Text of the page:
Questions Arise As Another Black Teen Shot And Killed By White Cop Near St. Louis

antonio martin

Late Tuesday night a white police officer shot and killed an 18-year-old black male after an interaction at a gas station in Berkeley, Missouri. The police officer has claimed that the young man, identified as Antonio Martin, pointed a loaded gun at him during a conversation. St. Louis County Police Chief Jon Belmar held a press conference early Wednesday morning to discuss the shooting and release surveillance video from the gas station.

Per Belmar, the officer had pulled up to the gas station around 11:15 PM local time to investigate a call. He spoke with Martin and another unidentified person after pulling into parking lot. After a short period of time, Martin turned away from the officer and then turned back with a gun in his hand. The officer stepped back and tripped as he reached for his gun. He fired three shots at Martin, hitting him once. It does not appear that Martin fired his weapon.

By the time EMS appeared on the scene, Martin was dead from his injuries. A weapon was retrieved at the scene and the police are stating this is the weapon Martin brandished. It appears that the weapon, a 9 mm pistol, was stolen as the serial number had been filed off. Besides the video that police released showing the events that led to the shooting, police state that there is additional video that will be released to the public shortly. The video that was released Wednesday morning stops right at the point where the officer shoots Martin.

Below is the surveillance video, courtesy of KMOV:

 

 

Shortly after the shooting, while police gathered and EMS crews arrived, people from the surrounding neighborhoods started arriving. Berkely is a small suburb just outside of St. Louis and next to Ferguson, where Michael Brown was shot and killed by former Ferguson police officer Darren Wilson in August. Martin’s mother, Toni Martin, showed up and confirmed that it was her son that was killed. Eventually, at least 200 people showed up at the Mobil gas station to protest the shooting and demand answers from police.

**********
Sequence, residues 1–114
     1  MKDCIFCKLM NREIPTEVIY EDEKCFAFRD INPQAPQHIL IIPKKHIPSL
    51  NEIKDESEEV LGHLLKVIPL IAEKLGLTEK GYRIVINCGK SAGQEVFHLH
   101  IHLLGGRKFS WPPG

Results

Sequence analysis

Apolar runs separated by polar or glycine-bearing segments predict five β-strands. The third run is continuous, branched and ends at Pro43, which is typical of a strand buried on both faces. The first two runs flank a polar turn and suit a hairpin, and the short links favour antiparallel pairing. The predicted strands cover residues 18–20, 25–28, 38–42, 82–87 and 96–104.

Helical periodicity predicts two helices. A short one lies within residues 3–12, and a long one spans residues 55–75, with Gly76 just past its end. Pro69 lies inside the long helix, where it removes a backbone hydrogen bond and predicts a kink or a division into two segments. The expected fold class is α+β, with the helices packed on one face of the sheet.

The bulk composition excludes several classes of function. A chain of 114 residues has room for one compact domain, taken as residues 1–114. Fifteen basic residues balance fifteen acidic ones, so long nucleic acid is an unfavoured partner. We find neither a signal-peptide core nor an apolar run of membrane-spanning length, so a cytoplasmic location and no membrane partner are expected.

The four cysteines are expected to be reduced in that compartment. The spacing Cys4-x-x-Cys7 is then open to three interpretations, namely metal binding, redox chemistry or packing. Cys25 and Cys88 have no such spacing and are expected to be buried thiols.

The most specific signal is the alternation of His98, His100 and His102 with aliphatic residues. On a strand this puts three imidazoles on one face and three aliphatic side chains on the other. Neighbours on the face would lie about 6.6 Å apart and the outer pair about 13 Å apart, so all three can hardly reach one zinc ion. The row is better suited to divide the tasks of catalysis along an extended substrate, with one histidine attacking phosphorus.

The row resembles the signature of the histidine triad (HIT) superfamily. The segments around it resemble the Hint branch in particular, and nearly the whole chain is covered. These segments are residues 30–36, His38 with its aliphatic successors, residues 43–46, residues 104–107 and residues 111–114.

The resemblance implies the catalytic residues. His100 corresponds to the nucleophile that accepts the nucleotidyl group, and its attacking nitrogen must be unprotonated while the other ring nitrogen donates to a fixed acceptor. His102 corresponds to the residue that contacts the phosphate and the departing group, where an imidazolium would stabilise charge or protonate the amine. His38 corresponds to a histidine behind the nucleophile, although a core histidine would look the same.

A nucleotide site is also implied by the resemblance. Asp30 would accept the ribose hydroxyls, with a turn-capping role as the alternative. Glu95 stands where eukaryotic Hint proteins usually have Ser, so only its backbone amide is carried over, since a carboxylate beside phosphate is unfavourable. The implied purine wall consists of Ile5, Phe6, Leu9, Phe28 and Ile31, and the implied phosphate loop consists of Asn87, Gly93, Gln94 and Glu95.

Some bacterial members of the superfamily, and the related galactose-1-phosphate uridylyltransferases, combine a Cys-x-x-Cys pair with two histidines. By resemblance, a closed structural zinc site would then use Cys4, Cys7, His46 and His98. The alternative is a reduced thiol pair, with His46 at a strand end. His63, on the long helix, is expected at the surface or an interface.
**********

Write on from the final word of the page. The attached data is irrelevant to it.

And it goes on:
Later on in the evening, some in the crowd started scuffling with police and four were arrested. Some type of explosive was used by someone in the crowd near a gas pump. It appeared to be a large firework, but it caused quite a commotion and led to one officer being injured as he twisted his knee trying to run away. Another officer was hurt after getting hit with a rock that was thrown from the crowd. However, while there was some skirmishes, and a nearby gas station was vandalized a bit, the commotion settled down relatively quickly and, by the time Belmar and the Berkeley chief arrived, police were able to speak to the crowd and answer questions.

While the information supplied by Belmar on Wednesday morning suggests that the shooting was justified and the officer acted appropriately, many on the scene and in the area have a number of questions regarding the tragic incident. One thing that came up during the press conference is the officer was not wearing a body camera. Apparently, he was given the camera earlier in the evening but did not put it on his uniform. Also, the car’s dash camera did not turn on as it is set to operate only when the vehicle’s red lights are turned on.